Donna G. Hurlock, M.D., P.C.  
     
     
Dear Dr. Utian,

First I would like to thank you for your marvelous Mea Culpa editorial and also thank my friend Jim Simon for writing his tremendously witty letter to the Editor about your editorial which was printed in the current issue. When I first read his letter I was rolling on the floor, but sad at the same time because what both of you said was so true. The biggest crime is that the public is still not aware of the truth. God I wish you guys could get the media to print the truth sometime. I know that Jim has been trying for years.

Anyway, this letter is actually about the Breast Screening article by Dr. Quinn et al. I found a big problem with this article. Specifically once again, PREVENTION of breast cancer was shoved off to the side or to some elusive point in the imaginary future; we're certainly not going to talk about it today. "Prevention is still in the future.....Until such time that preventive measures offer reliable reduction in incidence, early detection... offers the promise..."...blah, blah, blah..." The old "early detection" routine once again surfaces. When are we ever going to approach the PREVENTION of breast cancer as adults instead of avoiding the topic like it's some dirty word or like the plague? I mean, just think about plague for a minute. Do you really think that "early detection" for plague would be adequate? How about for polio? Then why is "early detection" always considered adequate for breast cancer?

Data linking the etiology of breast cancer with multiple environmental toxins like dioxin, PCBs, DDT, DDE, etc, have been available for at least the last several decades. Greenpeace published an excellent review of the literature on this topic way back in the early 90's. In fact, all one really has to do to figure out what is likely causing breast cancer is to look at the NIH/NCI breast cancer mortality statistics for various areas in the country. You will see that most breast cancer death is concentrated in the northeastern areas of the US, particularly heavy in New Jersey (Cancer Alley), and Long Island, extending up into the paper mill states, and then wraps over to the industrial areas surrounding the Great Lakes. There is also a big pocket of breast cancer death that has just appeared in the past 25 years in Nevada, where nuclear testing was done years ago. There is also a bit of breast cancer death down in the wheat belt where ladies involved with agricultural have pesticides falling on their heads regularly. Of interest also is that the rate of breast cancer death in Alaska has skyrocketed over the past 25 years, I suspect due to the higher concentrations of toxic residues found in those delicious big salmon and Halibut that are a dietary mainstay up there. Epidemiologic data also show that women in certain professions, (chemists, farming, textiles), have higher rates of breast cancer than others. Years ago Mary Wolf, PHD in New York showed that women who have the highest concentrations of DDT in their fat tissues have a four-fold greater rate of breast cancer than those with the lowest concentrations. That makes any alleged effect of HRT on breast cancer look like a breath of fresh air.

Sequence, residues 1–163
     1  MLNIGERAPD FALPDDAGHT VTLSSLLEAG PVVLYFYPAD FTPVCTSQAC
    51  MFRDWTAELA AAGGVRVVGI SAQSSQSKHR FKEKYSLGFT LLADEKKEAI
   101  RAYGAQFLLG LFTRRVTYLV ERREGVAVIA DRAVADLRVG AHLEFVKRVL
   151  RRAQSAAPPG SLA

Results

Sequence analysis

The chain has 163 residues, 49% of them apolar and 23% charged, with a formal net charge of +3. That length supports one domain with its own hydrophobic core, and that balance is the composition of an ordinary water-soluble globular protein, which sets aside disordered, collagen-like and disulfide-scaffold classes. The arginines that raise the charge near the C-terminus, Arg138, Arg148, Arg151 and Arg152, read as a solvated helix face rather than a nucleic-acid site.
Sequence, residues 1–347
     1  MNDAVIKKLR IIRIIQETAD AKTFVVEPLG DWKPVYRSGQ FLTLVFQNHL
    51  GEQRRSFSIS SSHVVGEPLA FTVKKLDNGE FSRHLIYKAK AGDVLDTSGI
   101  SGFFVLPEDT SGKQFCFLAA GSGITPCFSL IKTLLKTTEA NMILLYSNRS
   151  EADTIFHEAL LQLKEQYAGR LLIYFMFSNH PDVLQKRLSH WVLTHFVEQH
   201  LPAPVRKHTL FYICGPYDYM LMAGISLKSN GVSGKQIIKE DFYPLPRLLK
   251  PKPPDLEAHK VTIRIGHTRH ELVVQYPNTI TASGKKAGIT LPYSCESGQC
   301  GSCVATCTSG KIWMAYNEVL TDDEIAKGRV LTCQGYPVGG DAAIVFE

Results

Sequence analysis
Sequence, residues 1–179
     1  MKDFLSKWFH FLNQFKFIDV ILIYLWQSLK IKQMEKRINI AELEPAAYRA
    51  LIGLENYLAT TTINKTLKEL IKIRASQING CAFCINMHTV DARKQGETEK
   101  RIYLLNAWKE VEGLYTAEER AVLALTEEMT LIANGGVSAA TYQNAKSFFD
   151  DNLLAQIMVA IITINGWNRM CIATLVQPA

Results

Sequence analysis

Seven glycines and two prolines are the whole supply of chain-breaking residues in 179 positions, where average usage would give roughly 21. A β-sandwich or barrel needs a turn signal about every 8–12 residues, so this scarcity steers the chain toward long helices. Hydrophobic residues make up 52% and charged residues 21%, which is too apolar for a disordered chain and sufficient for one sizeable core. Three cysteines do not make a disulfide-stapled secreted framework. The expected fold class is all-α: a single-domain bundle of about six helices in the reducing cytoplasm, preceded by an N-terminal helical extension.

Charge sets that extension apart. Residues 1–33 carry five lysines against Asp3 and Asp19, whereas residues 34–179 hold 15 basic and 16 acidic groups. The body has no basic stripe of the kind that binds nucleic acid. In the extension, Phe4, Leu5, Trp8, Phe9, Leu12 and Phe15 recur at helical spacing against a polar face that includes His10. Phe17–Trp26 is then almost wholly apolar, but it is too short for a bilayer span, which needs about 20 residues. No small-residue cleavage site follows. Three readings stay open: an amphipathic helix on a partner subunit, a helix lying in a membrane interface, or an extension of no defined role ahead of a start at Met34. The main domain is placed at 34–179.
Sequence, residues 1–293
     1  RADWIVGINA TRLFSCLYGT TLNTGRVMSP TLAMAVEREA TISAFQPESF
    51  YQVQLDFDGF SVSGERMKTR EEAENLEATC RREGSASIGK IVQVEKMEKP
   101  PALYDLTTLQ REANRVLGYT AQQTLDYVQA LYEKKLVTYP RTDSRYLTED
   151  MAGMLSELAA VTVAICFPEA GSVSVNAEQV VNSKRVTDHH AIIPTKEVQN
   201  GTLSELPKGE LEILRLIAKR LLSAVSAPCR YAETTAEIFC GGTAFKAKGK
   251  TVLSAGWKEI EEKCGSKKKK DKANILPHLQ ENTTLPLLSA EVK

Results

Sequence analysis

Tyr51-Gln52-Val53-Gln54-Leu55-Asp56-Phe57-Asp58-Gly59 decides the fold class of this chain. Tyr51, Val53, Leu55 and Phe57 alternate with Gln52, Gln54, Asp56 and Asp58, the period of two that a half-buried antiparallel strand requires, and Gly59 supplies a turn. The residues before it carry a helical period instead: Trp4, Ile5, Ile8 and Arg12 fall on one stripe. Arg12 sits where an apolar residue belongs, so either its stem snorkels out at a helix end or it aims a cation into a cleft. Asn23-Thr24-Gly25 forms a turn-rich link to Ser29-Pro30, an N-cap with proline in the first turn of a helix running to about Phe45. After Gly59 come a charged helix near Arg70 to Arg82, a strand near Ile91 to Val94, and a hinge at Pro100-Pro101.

In her new book "The Secret History of the War on Cancer", Devra Davis PhD, MPH, now the Director of the Center for Environmental Oncology at Univ. of Pittsburg Cancer Institute, writes:

"For much of its history, the cancer war has been fighting the wrong battles, with the wrong weapons, against the wrong enemies. The campaign has targeted the disease and left off the table the things that cause it...the effort has focused on defeating the enemy by detecting, treating and curing disease. Overlooked and suppressed was any consideration of how the world in which we live and work affects whether we get cancer."

She goes on to suggest that the leadership of the war on cancer (mostly those who gain financially from either manufacturing carcinogens or from treating cancer or both), "acted to downplay research on prevention, and kept research on environmental causes from gaining wide-spread circulation or benefiting the general public."

So what else is new. Certainly Jacques Rossouw and his version of the WHI have taught us a lot about how various peoples agendas can dramatically distort the truth, much to the detriment of our innocent patients.

So once again, I call on you, as our beloved and respected Executive Director of NAMS, to speak up about this pressing issue that desperately needs to be brought out into the light of scientific and public scrutiny. I would encourage you and all your readers to visit www.breastcancerfund.org and www.devradavis.org to find our just what has been hidden from the general medical community for so long. It is time to stop settling for "early detection" as Quinn's article suggests.

Donna Hurlock, MD
Alexandria, VA
Certified Menopause Practitioner
NAMS Member